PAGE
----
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January 16, 2008


LOUISVILLE, Ky. – In a press conference this afternoon, University of Louisville officials announced that cancer researcher John O. Trent has been selected a Science Innovator Award winner by Apple Computer, Inc.

Trent joins a distinguished group of scientists from Harvard, Princeton, the University of Michigan, the University of Illinois, UCLA and Duke who are being recognized for innovative use of Apple’s technology for scientific research.

Trent, an associate professor of medicine with joint appointments in chemistry and biochemistry and molecular biology, leads drug discovery efforts at UofL’s James Graham Brown Cancer Center.

Trent’s team uses advanced computing techniques to identify promising compounds with the potential to become tomorrow’s cancer drugs. The process has been compared to looking for a specific puzzle piece in a box containing 10 million puzzle pieces that look more or less the same.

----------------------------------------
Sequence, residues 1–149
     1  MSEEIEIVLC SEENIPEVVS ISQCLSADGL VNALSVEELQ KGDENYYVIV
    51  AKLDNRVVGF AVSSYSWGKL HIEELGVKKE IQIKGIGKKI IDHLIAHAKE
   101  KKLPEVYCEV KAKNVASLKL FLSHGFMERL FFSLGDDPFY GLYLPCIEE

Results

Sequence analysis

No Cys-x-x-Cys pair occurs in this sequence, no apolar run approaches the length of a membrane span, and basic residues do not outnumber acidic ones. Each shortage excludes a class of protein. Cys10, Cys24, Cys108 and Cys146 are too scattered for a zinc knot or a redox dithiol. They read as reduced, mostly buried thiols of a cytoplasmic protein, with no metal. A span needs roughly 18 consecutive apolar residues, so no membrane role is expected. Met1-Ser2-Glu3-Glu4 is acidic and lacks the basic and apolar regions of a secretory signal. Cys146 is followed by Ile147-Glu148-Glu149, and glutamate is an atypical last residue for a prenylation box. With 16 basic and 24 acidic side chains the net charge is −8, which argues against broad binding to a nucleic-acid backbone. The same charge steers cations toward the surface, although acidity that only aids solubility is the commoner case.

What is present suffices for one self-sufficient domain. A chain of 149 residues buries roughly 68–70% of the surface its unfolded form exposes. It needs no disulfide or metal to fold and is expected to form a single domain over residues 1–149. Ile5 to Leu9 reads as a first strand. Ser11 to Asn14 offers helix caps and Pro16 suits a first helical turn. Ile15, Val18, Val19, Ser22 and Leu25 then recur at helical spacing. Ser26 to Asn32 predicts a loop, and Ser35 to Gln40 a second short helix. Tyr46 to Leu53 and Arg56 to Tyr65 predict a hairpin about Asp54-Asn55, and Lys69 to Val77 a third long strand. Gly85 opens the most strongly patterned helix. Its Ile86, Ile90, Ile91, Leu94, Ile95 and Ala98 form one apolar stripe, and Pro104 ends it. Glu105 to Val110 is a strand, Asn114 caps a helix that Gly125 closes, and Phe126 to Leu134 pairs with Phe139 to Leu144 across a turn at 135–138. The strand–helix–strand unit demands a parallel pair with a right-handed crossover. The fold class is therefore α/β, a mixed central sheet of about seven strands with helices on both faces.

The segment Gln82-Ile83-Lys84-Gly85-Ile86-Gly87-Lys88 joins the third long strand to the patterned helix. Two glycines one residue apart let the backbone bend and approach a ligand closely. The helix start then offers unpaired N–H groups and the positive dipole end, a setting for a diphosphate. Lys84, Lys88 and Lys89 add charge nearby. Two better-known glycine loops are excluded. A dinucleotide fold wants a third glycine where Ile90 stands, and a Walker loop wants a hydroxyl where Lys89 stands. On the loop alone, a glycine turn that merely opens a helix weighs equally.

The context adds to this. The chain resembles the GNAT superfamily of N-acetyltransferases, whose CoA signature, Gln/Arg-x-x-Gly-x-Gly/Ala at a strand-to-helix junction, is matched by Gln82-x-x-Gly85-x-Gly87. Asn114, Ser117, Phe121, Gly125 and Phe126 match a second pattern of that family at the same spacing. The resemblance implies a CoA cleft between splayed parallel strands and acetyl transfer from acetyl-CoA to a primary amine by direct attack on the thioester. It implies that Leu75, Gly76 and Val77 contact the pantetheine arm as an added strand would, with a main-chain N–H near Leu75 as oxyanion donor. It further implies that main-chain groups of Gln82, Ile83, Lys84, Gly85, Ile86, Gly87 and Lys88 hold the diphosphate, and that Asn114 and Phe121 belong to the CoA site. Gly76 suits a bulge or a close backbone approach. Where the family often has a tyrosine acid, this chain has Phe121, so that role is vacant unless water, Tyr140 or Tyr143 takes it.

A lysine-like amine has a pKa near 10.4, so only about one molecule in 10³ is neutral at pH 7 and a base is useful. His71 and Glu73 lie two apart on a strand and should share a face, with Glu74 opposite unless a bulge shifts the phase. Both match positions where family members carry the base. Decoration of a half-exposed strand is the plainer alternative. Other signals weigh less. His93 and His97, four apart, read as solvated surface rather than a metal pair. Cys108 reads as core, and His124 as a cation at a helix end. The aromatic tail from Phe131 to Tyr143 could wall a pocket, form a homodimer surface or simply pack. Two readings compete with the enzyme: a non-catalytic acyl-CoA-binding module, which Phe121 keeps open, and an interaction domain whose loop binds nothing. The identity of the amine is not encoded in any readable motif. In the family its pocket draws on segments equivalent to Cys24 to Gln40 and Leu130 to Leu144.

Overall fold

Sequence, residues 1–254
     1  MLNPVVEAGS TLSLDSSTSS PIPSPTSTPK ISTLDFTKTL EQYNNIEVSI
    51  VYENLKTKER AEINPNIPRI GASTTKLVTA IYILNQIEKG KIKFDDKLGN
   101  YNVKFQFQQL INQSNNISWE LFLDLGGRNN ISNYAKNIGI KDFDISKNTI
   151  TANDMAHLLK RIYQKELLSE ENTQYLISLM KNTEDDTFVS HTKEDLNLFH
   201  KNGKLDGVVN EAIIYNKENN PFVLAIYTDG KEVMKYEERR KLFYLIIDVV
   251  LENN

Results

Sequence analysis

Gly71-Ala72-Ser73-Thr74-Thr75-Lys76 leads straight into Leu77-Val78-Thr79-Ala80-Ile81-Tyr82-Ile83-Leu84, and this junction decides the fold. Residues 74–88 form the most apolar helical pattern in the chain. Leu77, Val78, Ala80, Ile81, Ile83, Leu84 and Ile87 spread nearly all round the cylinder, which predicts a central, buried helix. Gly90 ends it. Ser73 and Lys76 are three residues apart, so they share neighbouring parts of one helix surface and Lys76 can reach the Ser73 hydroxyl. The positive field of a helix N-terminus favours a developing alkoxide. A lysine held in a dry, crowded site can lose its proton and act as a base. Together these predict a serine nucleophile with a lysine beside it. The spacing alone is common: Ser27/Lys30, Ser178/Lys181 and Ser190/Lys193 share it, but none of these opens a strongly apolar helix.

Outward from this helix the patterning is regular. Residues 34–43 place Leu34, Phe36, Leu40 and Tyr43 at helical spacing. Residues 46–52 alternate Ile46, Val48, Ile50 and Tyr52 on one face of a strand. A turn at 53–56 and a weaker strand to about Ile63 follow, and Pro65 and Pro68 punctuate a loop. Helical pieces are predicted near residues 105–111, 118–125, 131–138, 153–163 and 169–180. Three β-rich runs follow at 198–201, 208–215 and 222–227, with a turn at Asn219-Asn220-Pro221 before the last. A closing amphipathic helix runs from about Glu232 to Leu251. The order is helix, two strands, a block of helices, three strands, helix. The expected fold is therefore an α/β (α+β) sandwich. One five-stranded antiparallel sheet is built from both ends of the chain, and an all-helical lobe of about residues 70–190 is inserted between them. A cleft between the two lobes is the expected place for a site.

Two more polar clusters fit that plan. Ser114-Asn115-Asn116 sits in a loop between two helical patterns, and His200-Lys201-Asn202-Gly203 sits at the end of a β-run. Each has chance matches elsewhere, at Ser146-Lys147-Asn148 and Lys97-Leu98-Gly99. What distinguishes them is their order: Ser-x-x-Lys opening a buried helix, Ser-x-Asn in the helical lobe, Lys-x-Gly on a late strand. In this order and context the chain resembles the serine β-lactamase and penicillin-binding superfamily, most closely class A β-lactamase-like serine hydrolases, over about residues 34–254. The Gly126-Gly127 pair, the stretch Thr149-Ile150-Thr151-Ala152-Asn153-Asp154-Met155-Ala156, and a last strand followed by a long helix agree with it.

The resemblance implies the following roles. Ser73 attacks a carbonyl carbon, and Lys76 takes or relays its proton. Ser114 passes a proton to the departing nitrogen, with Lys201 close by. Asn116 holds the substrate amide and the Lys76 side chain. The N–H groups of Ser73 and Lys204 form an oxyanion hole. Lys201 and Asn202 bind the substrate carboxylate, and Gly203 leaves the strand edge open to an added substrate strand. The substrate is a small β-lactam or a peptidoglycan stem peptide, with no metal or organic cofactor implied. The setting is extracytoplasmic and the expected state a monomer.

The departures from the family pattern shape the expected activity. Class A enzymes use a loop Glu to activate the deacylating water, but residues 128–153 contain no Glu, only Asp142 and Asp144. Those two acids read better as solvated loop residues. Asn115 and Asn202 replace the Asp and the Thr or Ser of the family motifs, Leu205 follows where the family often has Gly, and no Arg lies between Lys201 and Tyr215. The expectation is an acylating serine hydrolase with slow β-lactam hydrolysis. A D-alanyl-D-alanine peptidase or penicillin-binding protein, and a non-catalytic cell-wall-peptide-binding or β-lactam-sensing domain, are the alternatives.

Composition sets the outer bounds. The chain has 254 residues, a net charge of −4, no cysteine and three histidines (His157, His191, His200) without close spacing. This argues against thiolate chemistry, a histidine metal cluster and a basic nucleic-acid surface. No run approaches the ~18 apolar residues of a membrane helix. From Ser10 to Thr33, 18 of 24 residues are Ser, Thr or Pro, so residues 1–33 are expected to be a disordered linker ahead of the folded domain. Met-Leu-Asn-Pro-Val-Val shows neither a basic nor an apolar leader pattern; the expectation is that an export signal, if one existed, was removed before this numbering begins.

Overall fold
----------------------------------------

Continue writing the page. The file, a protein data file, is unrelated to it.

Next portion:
“That’s why computing power is a make-or-break issue for our drug discovery program,” says Trent.

In an innovative arrangement, Trent and more than a dozen researchers have partnered with Kentucky Dataseam Initiative, a non-profit organization that harnesses unused computing power in more than 50 school districts across the state of Kentucky in a powerful grid. Trent uses this technology to help shuffle through the millions of puzzle pieces that may help identify promising cancer drugs, shortening the time required for from years to days. The program has helped the Brown Cancer Center build a promising drug pipeline for new cancer therapies.

UofL President James Ramsey said, “This collaboration is a superb example of how imagination and insight into the needs of our communities benefits Kentucky, not only in better technology-readiness for our students but also through the discovery of more than a dozen innovative anti-cancer drugs currently in the pipeline at the Brown Cancer Center.”


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